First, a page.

Posts Tagged ‘ORM’

Facebook Resources for Parents [Updated]

February 27, 2011 1 comment

[Updated]  A colleague recently asked me for assistance in how parents can deal with children using Facebook (a scarier prospect for some than the idea of one’s children driving).  Not having kids myself, it hadn’t occurred to me that children as young as eight are feeling pressure from their classmates to get on social networks.  Seriously.  Elementary-aged children on social media.

Here are a few ideas I had beyond requiring them to provide you with their password so you can log in periodically and make sure everything is on the up-and-up.

Monitor the Internet:  Companies, governments and other organizations are constantly watching the Internet for mentions of their names – so why not parents?  Using tools like these below – you can set up a stream of alerts to be delivered to you either by email, or as an RSS feed you can manage in a feed aggregator like Google Reader so you’ll know if your kids’ names are mentioned anywhere (and hopefully intervene to prevent problems):

Check the Privacy Settings: Facebook’s privacy settings are so obtuse, Wired magazine featured the term “Privacy Zuckering” in its “Jargon Watch” recently.  It refers to the fact that the settings are deliberately hard to understand and operate because Facebook wants you to publish more than you intend to (more data about more people online = more traffic to Facebook = more revenue).  Here’s a tool that lets you scan your Facebook privacy settings to see what is exposed:

  • Reclaim Privacy ( – Keeping up with Facebook is so hard, they recently posted a message that the tool may not be compatible with the latest version.

Monitor Their Devices: This Facebook Setting will let you know if either of the kids logs in to Facebook from a computer or device you’re not familiar with (very handy if you rely on a computer at home to monitor your child’s Internet usage):

Understand the Settings: Here are some articles that help map out the confusing array of Facebook Privacy Settings:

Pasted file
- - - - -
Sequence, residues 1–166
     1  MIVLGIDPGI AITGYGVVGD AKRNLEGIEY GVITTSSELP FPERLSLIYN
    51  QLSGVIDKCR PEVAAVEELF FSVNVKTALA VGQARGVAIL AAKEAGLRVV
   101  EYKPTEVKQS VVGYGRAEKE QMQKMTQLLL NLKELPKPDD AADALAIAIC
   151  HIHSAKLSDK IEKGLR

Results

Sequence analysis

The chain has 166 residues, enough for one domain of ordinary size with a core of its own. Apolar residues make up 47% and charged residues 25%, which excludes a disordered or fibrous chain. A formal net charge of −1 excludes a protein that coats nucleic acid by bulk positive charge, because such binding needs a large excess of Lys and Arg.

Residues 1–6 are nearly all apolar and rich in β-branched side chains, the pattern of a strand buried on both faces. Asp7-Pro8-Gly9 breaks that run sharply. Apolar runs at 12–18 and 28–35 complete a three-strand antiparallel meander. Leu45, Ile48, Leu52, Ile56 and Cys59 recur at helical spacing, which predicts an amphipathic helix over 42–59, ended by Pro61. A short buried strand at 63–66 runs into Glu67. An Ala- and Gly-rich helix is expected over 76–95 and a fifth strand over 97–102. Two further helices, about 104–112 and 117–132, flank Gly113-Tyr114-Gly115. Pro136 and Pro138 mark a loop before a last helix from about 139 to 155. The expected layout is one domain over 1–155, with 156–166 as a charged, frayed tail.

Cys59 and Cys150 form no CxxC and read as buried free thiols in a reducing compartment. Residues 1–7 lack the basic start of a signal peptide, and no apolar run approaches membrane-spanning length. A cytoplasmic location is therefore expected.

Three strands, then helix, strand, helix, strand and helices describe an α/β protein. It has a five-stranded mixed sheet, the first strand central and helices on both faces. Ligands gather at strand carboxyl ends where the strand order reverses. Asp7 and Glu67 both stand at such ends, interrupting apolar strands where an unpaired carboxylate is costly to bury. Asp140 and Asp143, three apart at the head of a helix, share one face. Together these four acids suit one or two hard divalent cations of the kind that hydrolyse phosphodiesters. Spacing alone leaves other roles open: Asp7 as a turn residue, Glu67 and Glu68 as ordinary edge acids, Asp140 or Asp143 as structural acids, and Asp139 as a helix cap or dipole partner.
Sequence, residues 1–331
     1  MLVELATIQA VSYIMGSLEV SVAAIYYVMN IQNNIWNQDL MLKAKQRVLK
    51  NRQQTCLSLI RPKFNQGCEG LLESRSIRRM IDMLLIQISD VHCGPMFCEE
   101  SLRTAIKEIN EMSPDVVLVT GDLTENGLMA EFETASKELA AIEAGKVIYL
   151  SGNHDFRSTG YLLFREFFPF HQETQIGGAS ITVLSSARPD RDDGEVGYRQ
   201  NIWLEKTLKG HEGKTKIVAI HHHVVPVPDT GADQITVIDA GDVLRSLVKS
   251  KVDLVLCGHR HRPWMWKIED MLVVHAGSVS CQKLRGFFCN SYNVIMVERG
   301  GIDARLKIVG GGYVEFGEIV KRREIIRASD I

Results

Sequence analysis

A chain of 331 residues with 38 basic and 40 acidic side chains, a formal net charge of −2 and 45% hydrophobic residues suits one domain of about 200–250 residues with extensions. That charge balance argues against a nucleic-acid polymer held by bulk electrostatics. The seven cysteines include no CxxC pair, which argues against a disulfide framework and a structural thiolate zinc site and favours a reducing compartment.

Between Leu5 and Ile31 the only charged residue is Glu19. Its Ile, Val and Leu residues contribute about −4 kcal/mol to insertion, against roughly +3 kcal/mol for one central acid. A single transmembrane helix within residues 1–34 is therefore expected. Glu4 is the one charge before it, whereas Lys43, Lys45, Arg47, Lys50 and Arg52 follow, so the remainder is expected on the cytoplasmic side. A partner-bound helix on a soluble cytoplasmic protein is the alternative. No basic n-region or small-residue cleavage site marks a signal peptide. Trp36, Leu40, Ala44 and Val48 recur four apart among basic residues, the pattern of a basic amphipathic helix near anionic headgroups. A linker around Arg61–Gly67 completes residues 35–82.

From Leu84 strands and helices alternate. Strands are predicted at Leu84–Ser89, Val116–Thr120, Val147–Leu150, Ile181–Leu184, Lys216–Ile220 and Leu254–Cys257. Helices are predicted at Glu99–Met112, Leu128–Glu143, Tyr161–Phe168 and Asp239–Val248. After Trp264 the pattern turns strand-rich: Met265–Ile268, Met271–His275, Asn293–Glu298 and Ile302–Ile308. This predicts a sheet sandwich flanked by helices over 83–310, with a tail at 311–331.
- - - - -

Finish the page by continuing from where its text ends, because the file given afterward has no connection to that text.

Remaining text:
[Update] Understand the Culture: In last month’s issue of Wired Magazine, Clive Thompson wrote an excellent article (“Clive Thompson on Secret Messages in the Digital Age“) that I recommend parents read about how children are adapting to parental oversight of their social media presences.  He describes how young people now communicate via multi-layered messages.  A song lyric might seem innocuous to parents not familiar with the context – but the childs’ friends can get the message.  This means parents need to be fluent in the cultural works their children consume.

Case of Teacher’s Controversial Blog Hits National Media

February 16, 2011 Leave a comment

The national media has grabbed hold of the story of high school English teacher Natalie Munroe, the teacher whose blog (which contained a number of disparaging references to students, co-workers and administrators) was discovered and brought to the attention of school officials.  A couple of days ago, as I was doing research on social media case law, I ran across Munroe’s rebuttal to the current accusations against her.

Munroe appears to have gone on the offensive in other venues than just the blog and is doing media appearances.  The Huffington Post has a story up here with video from ABC News.

The problem for Munroe is that legal precedent does not support her activity.  Since Pickering v. the Board of Education, (in cases like Garcetti v. Ceballos and Richerson v. Beckon) courts haven’t been very friendly to the idea that the First Amendment applies to public employees.

The Future is Littered With Mashup Bombs

February 14, 2011 1 comment

Mashup Bomb

As we hurtle into the future, we’re leaving a larger digital wake behind us.  International Data Corporation estimates humans will produce 1,800,000,000 terabytes of data this year alone.

Simultaneously, the power to sift through these vast stores of information is getting keener.  In 2009, the team BellKor’s Pragmatic Chaos won the Netflix prize by crafting an algorithm for recommending movies with ten percent better accuracy than the movie company’s own engine.

“Mashup Bombs” are what await us as these two phenomena converge.  Our ability to compare the increasing amounts of data will improve and previously undetectable patterns will emerge.  Not only that, but the ability to produce revelations won’t be confined to future data – we’ll have the power to look back through all of the petabytes of data already cached on server farms around the world.

  • What if the GPS records of mobile phones were matched with employee payroll records to spot when people are fudging their hours?
  • What if anonymous publishers could be outed through algorithms that compare writing samples?
  • What if aggregate market data and networks of personal connections could be filtered to show when bidders were given preferential treatment for government contracts?

Things are well underway:

  • Wikipedia + IP Address Location Database= in 2007, a CalTech student named Virgil Griffith created a tool called Wikipedia Scanner that tracked the IP addresses of Wikipedia editors back to their sources and outed institutions from Diebold to the CIA as having edited their own Wikipedia entries.
  • Twitter + Maps = The Centers for Disease Control are monitoring Twitter, watching for keywords related to illness in order to spot pandemics before they get going.